We see then, that although Dina possessed the desire to transform those around her to a life of holiness, her mother, in contrast, did not.
What then is the comparison between Dina and her mother Leah?
The father of the Jewish people
Of our three patriarchs—Avraham Yitzchak and Yaakov—there is a special connection between the Jewish people and Yaakov.
The reason for this bond is because Yaakov was the only one of the patriarchs who was a father exclusively to the Jewish people. Avraham fathered another son, Yishmael and Yitzchak fathered Esav.
It is due to this, that concerning Yaakov it states, that all the Jewish souls of all the generations are included in his soul, and that for all eternity the Jewish people are called by his name—“Am Yisroel.” (“The People of Israel,”” i.e. Yaakov.)
Though all of the characteristics of the Jewish people are included in Yaakov’s soul in a general manner, their specific attributes are revealed through the various traits of the twelve tribes.
Being that Rochel and Leah mothered the tribes, it is understood that differences amongst the tribes were inherited through from their respective mothers. Rochel and Leah each had distinct personalities and these differences were passed down to their children.
It is for this reason that it was specifically the matriarchs who named the tribes. Being that each name was expressive of the tribe’s specific identity, and these characteristics were developed through their mothers, it was therefore Rochel and Leah who assigned the fitting name to each of their children.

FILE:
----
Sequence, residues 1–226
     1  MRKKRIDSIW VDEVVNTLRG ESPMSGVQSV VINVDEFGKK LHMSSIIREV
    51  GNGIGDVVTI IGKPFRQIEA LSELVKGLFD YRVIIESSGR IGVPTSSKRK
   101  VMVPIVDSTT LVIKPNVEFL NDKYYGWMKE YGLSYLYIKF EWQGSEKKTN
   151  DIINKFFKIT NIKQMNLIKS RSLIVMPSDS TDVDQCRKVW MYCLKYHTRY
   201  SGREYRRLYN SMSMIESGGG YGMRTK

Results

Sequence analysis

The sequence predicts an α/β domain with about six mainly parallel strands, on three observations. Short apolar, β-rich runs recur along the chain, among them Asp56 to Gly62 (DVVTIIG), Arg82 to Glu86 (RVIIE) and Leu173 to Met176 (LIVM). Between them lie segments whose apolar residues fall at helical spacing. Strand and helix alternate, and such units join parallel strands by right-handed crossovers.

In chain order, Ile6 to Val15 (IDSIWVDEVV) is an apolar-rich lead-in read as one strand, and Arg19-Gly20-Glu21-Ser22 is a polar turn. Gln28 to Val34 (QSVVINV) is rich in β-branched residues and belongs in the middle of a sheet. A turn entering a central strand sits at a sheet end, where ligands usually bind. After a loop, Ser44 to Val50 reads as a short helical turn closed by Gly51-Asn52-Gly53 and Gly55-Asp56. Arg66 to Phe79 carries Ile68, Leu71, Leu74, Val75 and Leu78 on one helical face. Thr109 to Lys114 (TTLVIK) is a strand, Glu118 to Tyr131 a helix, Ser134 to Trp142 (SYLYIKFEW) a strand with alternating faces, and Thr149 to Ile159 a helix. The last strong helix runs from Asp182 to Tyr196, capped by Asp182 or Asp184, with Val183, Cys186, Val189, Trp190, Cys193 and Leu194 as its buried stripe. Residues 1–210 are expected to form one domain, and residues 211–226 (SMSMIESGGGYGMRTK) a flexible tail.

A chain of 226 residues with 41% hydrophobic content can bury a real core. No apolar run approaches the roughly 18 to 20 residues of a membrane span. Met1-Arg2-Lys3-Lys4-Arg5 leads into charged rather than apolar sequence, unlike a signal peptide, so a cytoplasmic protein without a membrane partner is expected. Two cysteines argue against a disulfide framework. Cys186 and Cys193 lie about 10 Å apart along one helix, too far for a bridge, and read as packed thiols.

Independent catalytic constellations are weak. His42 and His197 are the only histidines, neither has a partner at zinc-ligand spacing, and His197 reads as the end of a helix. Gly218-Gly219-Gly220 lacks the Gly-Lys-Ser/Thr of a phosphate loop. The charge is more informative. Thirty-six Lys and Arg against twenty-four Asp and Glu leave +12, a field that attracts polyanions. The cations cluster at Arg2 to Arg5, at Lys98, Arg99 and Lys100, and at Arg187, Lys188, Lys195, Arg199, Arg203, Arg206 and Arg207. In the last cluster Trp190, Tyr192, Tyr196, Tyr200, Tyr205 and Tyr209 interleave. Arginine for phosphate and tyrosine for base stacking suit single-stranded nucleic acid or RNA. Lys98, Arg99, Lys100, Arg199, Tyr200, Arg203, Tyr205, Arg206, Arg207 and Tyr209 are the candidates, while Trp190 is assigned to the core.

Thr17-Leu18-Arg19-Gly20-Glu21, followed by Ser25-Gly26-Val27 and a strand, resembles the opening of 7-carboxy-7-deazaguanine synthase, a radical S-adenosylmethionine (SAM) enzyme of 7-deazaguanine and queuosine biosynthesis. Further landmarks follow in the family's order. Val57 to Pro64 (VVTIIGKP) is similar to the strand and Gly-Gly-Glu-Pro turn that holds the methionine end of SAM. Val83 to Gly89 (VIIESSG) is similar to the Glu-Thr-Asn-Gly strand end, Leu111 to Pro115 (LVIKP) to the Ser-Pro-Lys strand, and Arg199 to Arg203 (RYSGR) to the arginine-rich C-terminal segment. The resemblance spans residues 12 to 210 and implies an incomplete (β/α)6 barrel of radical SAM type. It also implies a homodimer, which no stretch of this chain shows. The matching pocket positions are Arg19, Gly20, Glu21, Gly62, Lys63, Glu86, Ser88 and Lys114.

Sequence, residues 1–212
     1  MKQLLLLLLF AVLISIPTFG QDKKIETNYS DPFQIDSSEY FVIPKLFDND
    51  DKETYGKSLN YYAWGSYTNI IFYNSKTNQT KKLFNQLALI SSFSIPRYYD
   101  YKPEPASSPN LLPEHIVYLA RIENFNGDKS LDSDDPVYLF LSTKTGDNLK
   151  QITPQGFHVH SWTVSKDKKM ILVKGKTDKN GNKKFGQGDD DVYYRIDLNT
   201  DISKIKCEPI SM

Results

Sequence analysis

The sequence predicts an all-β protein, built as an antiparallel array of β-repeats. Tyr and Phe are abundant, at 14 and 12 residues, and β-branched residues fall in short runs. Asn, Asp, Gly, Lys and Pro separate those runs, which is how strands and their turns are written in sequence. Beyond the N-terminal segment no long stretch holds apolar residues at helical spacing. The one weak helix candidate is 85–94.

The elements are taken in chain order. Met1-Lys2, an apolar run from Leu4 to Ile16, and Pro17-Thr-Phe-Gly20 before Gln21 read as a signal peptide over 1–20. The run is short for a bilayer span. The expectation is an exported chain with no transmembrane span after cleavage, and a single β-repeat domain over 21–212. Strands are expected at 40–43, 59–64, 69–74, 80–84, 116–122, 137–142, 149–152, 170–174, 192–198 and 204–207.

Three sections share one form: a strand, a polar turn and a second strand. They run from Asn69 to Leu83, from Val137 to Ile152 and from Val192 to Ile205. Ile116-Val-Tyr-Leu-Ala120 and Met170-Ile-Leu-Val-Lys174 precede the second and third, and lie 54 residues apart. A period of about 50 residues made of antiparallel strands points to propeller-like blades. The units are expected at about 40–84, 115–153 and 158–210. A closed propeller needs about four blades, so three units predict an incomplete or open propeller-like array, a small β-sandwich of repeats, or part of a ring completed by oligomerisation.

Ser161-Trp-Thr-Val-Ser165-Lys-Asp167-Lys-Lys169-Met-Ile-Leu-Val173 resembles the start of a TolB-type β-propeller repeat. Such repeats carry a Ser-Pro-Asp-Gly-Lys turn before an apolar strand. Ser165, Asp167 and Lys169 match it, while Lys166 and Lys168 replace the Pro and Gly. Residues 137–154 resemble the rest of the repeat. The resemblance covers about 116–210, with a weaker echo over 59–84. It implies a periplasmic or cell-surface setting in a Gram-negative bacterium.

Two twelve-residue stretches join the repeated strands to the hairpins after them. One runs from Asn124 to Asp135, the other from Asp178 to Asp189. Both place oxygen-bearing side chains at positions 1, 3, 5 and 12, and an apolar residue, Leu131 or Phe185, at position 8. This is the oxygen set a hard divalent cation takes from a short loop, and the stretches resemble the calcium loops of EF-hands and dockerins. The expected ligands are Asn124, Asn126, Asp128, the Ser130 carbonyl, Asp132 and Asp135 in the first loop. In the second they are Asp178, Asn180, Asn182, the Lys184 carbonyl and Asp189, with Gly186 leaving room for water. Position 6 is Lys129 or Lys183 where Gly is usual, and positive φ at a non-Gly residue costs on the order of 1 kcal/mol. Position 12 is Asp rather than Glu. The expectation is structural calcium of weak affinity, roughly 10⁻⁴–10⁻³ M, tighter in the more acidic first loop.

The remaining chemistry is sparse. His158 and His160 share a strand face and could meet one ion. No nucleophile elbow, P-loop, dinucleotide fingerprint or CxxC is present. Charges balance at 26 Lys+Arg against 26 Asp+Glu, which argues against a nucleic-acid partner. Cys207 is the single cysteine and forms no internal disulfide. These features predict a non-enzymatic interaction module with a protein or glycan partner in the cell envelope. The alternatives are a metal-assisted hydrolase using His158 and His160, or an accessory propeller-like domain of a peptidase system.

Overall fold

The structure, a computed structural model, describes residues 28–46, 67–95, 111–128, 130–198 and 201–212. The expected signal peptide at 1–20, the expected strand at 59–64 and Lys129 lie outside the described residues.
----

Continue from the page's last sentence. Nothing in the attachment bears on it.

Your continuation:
Two ways of serving G-d
Yet, although there are twelve tribes with twelve variant ways of serving the Almighty, these modes of service in general fall under two classifications: tzadikim and ba’alei teshuvah (lit., those who return to G-d).
The tribes that had the innate qualities of tzadikim were the children of Rochel and the tribes that had the nature of ba’alei teshuvah, were the children of Leah.
The manner in which a tzadik serves G-d is through completely immersing in holiness, by means of his fulfillment of Torah and mitzvos. His entire identity is submerged in G-dliness and spirituality, and he in no way relates to the mundane world which surrounds him.
The ba’al teshuvah however, focuses on transforming the negative into good and the mundane into holiness. The ba’al teshuvah can be a person who has never sinned, yet he is still referred to as a ba’al teshuvah. His mode of servicein its critical form, is not about rectifying sin per say, but about transforming a world devoid of G-dliness into a world that is permeated with it.
Rochel and Leah
Rochel and Leah respectively, personified the traits of the tzadik and the ba’al teshuvah.